Beyond the confines of the main level is a lower basement that I could easily get lost in. It winds around with white cement block hallways and various unmarked doors, each having an important purpose to the functionality of the theater.  

“There’s a lot of dirty jobs…but this can get pretty bad.” 

She’s referring to the water pipes and sewage pumps that wind their way in a small, dark room.  Despite describing the overflows that can occur, and having to clean, sanitize and bleach mop the floor, she doesn’t flinch.  

“It’s not too bad,” she said, smiling.   

It takes a passionate person to take on these kinds of jobs. After spending 30 years in community theater, Kilic found her home at the Morris and never looked back. 

“It was complete fate and I’ve loved every minute of being here. It’s literally my dream job.” 


Adam Oltman, Superintendent of Erskine & Studebaker Park Golf Courses 


Just before the warm air fills the senses of golfers around the city, urging them to tee up for the first time in months, the greens are recovering from another brisk South Bend winter. There’s a team of two full-time staff managing 6,100 yards of green space within the course, year-round.  

The sun has already begun to rise and the final layer of snow has (finally) just melted on the course when I meet with Adam Oltman, Superintendent of Erskine and Studebaker Park Golf Courses. His office is housed in the Maintenance building just behind the 5th hole and is what I’d imagined. A faint smell of gasoline and grass lingers as I enter the space, various machines are lined up and ready to work. Oil stains the floor and tools line a full wall of the mechanics area, a mower on the lift ready for a tune-up.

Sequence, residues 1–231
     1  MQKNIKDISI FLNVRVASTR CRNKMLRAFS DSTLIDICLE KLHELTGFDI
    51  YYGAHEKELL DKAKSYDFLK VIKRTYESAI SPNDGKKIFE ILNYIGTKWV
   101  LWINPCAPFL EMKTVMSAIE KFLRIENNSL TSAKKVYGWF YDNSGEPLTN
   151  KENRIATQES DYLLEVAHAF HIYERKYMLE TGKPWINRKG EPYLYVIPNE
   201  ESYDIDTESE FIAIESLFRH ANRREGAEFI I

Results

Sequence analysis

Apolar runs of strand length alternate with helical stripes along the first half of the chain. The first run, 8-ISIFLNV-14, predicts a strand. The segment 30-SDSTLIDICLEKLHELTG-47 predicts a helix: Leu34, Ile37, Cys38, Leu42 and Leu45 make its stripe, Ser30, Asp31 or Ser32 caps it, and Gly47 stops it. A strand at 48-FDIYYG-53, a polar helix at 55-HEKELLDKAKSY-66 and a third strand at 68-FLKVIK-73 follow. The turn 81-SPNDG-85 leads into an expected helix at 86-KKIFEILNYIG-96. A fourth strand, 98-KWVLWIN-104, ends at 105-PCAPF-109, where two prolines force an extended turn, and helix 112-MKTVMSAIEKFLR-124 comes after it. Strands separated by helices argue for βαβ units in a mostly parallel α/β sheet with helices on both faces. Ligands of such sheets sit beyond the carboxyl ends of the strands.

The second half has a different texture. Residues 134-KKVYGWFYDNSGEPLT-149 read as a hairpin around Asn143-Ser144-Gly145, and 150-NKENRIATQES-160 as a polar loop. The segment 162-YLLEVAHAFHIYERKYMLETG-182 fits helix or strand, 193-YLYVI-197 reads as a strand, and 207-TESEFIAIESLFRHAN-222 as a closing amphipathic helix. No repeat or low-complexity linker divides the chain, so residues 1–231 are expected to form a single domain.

For Oltman, there are two seasons of dirty – greasy and grassy.  

During the winter season, Oltman has been assisting in mechanic duties of each machine and tractor used through the golf season. He and the mechanic work to get everything tuned up, pressure washed, and ready. But once that snow melts, Oltman is eager to care for his pristine greens. He has overseen them since 2014, year after year seeing the fruits of his labor continue to thrive and blossom into talked-about fairways.  

Gearing up for a busy spring and summer, quite possibly busier than the record-breaking 2021 season at Erskine, Oltman’s routine is less than typical. Grasses are cut, fertilizers are laid, and hole locations are moved. There’s something new to do every day, and it’s one of the many reasons why Oltman loves the job. 

“In the spring, there’s a lot of blowing and raking sticks and whatever came down in the winter to clean up. It can get dirty with the wet leaves. We’re up before daybreak around 5, jump on the mower and change the flags before anyone beats us out here,” he said.  

I may not be privy to the needs of course maintenance, but I do know creating greens to be that perfect shade of green and length require a keen understanding. Oltman started in the industry doing part time work and self-taught his way to Superintendent.